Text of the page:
Brent crude oil surged more than $6 a barrel on Monday, the second-largest gain on record, snapping back from last week's record sell-off on a wave of bargain-hunting and a jump in gasoline prices.
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The rebound reclaimed about a third of last week's losses, with many traders having anticipated a bounce after a series of automated stop-loss sales hammered prices on Thursday; additional support on Monday came from a jump in gasoline on concerns that flooding could disrupt U.S. refiners.
Trade remained heavy after last week's price collapse saw volumes jump to near twice the 30-day moving average as part of a broad sell-off across commodities markets.
Brent crude for June settled up $6.77 at $115.90 a barrel. U.S. crude rose $5.37 to settle at $102.55 a barrel, while U.S. gasoline futures jumped 6 percent.
Oil's early rebound came amid wider gains across the commodity complex, with the Reuters-Jefferies CRB index (.CRB), a global benchmark for commodities prices, up 1.51 percent after posting the biggest weekly drop since late 2008 last week.
Further strength came from concerns about U.S. gasoline supply ahead of the summer driving season. Traders eyed a fire at Chevron's Pascagoula refinery and Mississippi River flooding near several U.S. refineries, though none has been impacted.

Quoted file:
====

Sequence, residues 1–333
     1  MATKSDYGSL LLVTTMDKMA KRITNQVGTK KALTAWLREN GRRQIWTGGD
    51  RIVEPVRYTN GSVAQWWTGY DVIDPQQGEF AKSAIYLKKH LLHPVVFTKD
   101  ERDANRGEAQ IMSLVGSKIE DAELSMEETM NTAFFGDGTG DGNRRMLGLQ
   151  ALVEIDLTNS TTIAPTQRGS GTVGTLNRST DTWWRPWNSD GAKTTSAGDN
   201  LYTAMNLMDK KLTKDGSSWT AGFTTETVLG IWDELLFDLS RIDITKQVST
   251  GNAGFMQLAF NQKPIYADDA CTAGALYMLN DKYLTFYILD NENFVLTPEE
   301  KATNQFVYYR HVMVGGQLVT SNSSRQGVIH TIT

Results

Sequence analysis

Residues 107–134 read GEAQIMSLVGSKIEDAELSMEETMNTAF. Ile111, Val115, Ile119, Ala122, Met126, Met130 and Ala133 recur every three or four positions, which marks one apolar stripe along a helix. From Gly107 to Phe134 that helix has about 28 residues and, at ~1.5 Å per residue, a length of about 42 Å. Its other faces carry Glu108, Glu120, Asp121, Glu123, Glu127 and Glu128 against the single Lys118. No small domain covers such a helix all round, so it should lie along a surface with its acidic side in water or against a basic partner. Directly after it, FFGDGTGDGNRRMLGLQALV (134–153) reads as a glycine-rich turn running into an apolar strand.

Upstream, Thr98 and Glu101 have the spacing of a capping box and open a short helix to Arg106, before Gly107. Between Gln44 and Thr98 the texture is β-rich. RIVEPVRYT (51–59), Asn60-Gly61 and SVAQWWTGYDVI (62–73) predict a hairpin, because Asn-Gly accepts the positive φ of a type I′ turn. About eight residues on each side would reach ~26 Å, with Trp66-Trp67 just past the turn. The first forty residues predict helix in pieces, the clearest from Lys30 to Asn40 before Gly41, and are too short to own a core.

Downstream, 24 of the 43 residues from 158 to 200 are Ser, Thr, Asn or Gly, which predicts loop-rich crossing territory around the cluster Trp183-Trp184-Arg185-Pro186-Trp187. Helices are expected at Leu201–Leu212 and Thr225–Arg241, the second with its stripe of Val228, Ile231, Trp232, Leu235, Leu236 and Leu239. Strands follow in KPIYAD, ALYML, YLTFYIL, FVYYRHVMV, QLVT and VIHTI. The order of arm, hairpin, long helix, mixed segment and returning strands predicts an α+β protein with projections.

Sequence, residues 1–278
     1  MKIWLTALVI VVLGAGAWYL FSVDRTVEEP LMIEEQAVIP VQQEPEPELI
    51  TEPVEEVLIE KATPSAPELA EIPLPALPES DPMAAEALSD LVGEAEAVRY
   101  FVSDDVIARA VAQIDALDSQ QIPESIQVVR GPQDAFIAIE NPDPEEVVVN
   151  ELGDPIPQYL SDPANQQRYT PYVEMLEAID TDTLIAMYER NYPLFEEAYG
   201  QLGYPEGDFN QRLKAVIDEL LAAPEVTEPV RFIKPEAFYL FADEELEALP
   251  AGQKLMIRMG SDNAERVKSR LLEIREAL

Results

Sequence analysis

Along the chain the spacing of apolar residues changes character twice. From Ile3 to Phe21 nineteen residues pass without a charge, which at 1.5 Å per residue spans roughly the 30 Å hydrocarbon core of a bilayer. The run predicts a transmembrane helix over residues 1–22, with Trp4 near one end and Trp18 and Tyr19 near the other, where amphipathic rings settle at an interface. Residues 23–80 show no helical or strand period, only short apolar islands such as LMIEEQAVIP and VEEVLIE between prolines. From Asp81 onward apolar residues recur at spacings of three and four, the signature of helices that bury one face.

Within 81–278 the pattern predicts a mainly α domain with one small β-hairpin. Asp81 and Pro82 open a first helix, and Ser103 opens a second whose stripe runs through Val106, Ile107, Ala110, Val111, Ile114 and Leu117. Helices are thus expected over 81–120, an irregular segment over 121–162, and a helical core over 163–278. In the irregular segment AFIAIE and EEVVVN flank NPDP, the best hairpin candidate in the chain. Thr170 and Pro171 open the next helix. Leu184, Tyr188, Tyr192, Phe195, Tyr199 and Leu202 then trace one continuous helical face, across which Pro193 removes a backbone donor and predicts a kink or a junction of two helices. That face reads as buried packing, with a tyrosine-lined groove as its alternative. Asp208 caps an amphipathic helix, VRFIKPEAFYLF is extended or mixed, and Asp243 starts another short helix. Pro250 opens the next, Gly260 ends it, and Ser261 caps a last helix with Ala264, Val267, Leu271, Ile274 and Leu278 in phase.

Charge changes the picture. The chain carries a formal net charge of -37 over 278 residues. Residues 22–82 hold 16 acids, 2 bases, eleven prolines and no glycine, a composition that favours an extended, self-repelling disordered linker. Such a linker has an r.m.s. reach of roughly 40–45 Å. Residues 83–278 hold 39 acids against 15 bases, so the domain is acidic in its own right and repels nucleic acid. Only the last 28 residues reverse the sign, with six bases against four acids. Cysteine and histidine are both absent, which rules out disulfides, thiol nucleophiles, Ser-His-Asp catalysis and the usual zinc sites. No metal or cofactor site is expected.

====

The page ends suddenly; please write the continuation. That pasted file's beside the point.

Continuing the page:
"A premium is coming in on the potential for flood damage, not just for the refineries higher up on the Mississippi, but the refineries near the mouth that were flooded by (hurricanes) Katrina and Rita," said Richard Ilczyszyn, senior market strategist at Lind-Waldock in Chicago.
In addition, TransCanada Corp (TRP.TO) said its 591,000-barrels-a-day Keystone oil pipeline will remain closed for a few days after a fitting at a North Dakota pumping station failed and spilled about 500 barrels of oil.
Volatility increased late in the day, with the Chicago Board Options Exchange's oil volatility index (.OVX) up 0.16, or 0.39 percent, to 41.60. Last Thursday it touched 48.64, the highest in nearly a year.